Denver Chef Ian Kleinman Competes for Chance to Open His Own Eatery on Restaurant Startup
Ian Kleinman and Mike Coberlain pitch the Inventing Room to the judges.
Courtesy of CNBC
Chef Ian Kleinman has been keeping his skills sharp over the past several years by catering special events, throwing pop-up dinners and teaching kids about the fun and science behind cooking through his Inventing Room brand. Those who have eaten his playful and madcap fare — think exploding whipped cream and sheets of curried mozzarella — know the flavors that he creates are as bold as the presentations themselves, so the possibility that Kleinman could open his own eatery is something many would like to see become reality. Now CNBC's entrepreneurial competition show, Restaurant Startup, is giving him the opportunity: In the show's season finale tonight at 8 p.m., Kleinman and partner Mike Coberlain pitch their concept and cuisine — competing against another molecular gastronomy duo — to judges Joe Bastianich and Tim Love.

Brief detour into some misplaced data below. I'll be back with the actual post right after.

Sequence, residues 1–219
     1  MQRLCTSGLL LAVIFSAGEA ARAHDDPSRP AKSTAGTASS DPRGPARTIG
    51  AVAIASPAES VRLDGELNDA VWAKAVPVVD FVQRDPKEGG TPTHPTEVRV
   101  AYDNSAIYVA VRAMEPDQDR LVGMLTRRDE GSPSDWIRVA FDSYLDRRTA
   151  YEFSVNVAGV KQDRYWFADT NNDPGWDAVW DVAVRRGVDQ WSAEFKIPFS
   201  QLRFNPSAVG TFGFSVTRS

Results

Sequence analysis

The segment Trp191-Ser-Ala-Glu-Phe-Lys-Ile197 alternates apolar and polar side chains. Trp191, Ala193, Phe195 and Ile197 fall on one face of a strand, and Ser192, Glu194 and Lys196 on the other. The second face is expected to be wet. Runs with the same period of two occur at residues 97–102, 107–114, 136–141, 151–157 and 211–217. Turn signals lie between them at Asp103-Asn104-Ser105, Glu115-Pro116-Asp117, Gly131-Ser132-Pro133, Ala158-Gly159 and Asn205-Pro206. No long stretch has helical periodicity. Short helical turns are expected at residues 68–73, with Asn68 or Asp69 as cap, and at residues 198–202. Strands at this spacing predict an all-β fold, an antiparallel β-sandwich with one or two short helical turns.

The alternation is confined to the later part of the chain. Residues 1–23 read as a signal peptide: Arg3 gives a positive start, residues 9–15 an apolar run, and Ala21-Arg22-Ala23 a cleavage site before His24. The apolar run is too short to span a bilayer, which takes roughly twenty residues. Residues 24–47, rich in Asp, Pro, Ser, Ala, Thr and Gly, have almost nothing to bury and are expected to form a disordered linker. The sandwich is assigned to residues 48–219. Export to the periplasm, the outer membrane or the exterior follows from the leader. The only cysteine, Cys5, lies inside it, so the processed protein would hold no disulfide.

The difference between the two? While the opposition is aiming at high-end dining, Kleinman's goal is to open a quick-service version of the Inventing Room that will be more accessible and affordable. To get their point across, Kleinman and Coberlain reject the term molecular gastronomy in favor of "gastro-fun."
Episodes are split into two segments. In the first, the judges weigh the pitches and then select one team to continue on to the second round, when it is given $7,500 and 36 hours to create a business plan, branding and a pop-up restaurant in Los Angeles that serves food to the public. Reaction from diners as well as the impact of the branding and business plan determine whether Bastianich and Love decide to become investors in a real opening.
Kleinman says he had a blast during the filming. "It was a chance to get together some ideas I've had over the past seven or eight years," he explains. "It's a chance to take all these techniques and bring them to the masses — the entertainment value, that whimsical feeling you had when you were a kid."
Filming of the episode took about six days total. Kleinman says he's done TV before and that each time it gets a little easier to relax (and remember not to spill the beans about the show's results to reporters). Preparing, he says, "was like building a restaurant inside my head."
Check out the full episode tonight to see if Kleinman and Coberlein make the cut. Until then, you can watch, and vote for, short pitches from the two teams on the CNBC website.
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